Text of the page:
This continuity is rooted in the repetition of motif: portrait and landscape. Through this, Derviz fine-tunes the viewer to the subtle variations in these familiar scenes, manifested through changes in colour, mark and scale. Their reiteration is a musical stave, upon which rhythm and melody can be enacted. One of the artist’s major influences is the composer, music theorist and painter Arnold Schoenberg, who depicted his self-portrait repeatedly. Though all show the same man, some are melancholy, some haunting, some disturbing. He once spoke of painting as “the same as making music. It was to me a way of expressing myself, of presenting emotions, ideas, and other feelings; and this is perhaps the way to understand these paintings – or not to understand them.” Through repetition (limitation), Schoenberg relentlessly pursued the manifestation of the internal state on the external canvas, in a similar manner to Derviz’s own practice. It seems to me to be more than a coincidence that the latter speaks often of art in the vocabulary of music.


As I spend more time with Derviz’s work, her intuitive, monochromatic drawings become expressions of pure rhythm. The addition of colour, then, is a melodic method of abstraction, removing her figures from immediate reality and placing them in their own anonymous and emotionally loaded realms. For her first solo exhibition with Sherbet Green, Closer (2023), Derviz presented a series of paintings comprised of female figures, with titles such as Mad girl (2023), Wild girl (2023), Wise girl (2023) and Sweet fall (2023). Some of these women recline nude, others stare upwards and beyond the boundaries of their canvas. Several of the figures are set against a background of cadmium red, at once violent, passionate and revolutionary. Wild girl, which caught my attention, presents a hazy, blush-coloured face whose contours blur into her hair as if a lion’s mane, a devastating play of pigment. It was while working on this series that the artist became interested in the subjectivity of chromatic values, as rendered in the works of Josef Albers, or the colour field painters he would influence. In order to enable colour to function as part of her paintings’ content, Derviz tells me, she begins from one shade, and works outwards. After the first layer is set, this is an organic process; one of feeling, rather than premeditation. Using a wet-on-wet method further allows these colours to bleed into, and influence, one another, creating the impression that the picture contains a depth of field, while retaining its delicate thinness.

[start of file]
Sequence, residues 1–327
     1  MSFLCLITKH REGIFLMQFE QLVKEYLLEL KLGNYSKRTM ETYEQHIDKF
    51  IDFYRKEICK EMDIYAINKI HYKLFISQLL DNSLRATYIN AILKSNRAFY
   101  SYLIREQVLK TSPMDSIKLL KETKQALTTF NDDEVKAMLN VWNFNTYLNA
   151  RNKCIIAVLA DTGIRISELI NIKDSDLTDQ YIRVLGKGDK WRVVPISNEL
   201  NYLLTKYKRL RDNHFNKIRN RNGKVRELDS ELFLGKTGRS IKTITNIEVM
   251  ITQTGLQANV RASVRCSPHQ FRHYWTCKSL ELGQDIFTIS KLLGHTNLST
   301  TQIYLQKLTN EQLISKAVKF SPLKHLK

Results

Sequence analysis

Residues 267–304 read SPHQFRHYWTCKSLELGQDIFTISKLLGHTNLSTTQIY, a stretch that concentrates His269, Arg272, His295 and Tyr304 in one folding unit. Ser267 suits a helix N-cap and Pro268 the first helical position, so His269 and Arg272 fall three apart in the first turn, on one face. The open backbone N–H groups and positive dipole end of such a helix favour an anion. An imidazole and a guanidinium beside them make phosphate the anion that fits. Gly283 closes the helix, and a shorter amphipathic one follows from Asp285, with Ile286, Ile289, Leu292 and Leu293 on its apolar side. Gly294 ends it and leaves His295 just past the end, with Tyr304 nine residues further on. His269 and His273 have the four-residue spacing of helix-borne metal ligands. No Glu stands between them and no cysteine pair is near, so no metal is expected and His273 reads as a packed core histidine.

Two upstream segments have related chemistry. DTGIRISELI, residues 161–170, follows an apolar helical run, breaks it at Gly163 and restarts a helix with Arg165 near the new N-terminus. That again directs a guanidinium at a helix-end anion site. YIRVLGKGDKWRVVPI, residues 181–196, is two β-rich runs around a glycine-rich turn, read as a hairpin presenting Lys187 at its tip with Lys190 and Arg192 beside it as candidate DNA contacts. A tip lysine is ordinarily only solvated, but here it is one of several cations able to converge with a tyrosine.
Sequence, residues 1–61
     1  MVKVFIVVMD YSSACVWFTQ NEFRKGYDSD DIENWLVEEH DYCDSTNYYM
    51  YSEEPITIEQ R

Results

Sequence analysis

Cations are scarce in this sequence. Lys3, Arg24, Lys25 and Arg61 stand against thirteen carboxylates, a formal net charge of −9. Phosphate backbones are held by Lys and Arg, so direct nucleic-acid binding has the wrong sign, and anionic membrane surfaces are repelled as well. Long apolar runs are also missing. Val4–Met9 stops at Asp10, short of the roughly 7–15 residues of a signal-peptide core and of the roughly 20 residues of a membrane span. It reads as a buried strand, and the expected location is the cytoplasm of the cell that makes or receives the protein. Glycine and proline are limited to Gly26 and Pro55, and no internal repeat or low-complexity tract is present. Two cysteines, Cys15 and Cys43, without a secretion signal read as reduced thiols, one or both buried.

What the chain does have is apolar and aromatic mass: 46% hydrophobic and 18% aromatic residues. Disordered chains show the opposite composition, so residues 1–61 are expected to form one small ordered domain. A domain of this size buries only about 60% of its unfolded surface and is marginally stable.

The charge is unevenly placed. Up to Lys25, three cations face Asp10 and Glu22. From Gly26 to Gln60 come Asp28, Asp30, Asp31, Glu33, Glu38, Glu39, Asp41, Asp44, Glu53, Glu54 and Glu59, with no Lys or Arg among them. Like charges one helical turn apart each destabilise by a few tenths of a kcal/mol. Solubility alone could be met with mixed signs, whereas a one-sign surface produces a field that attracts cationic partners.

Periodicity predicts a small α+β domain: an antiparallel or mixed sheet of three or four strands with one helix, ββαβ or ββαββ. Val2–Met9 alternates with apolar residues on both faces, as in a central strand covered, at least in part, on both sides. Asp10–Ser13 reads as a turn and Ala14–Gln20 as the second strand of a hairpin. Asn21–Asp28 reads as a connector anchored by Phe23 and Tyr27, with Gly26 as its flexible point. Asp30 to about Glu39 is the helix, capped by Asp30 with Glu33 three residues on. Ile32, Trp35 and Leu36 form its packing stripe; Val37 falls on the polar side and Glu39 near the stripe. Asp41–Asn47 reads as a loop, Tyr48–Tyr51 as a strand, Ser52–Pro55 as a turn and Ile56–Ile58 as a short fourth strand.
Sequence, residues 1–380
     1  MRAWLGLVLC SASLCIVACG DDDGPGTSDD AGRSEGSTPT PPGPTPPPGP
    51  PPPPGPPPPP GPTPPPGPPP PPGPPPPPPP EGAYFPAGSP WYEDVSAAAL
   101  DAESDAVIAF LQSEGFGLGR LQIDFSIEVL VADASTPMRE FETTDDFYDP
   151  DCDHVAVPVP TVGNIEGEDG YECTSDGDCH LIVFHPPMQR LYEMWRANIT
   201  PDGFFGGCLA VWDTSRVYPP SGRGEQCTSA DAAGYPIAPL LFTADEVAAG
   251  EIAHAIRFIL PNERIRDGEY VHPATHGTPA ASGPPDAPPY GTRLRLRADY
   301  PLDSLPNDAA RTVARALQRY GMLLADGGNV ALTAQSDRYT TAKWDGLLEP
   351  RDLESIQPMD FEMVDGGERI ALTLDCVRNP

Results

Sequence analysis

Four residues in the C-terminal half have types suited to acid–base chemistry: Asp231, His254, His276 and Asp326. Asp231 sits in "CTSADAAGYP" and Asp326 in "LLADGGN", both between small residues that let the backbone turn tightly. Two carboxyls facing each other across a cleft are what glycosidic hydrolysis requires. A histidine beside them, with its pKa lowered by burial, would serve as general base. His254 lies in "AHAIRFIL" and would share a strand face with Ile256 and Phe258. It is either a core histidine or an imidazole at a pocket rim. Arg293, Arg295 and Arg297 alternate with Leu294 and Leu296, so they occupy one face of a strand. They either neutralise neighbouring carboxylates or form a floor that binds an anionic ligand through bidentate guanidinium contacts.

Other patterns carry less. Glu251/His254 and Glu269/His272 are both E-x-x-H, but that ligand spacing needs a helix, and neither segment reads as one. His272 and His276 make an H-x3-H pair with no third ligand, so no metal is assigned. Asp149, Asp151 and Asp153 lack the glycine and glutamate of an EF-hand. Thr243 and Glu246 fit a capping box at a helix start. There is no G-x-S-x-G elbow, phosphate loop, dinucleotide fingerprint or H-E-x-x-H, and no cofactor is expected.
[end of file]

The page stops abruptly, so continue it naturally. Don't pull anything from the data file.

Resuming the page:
There is an unshakeable vulnerability to these surfaces and their present figures, yet her subjects refuse to be subdued – they are defiant and complex; both individual (a song), and collective (a symphony). They posit art as possibility, resisting definition and resolution, suggesting – but never revealing – their own psychic projections. Derviz not only testifies to the expressive and connective potential of the face and the landscape, but the expressive, connective, and “wild” potential of the act of painting itself.


Available works

bottom of page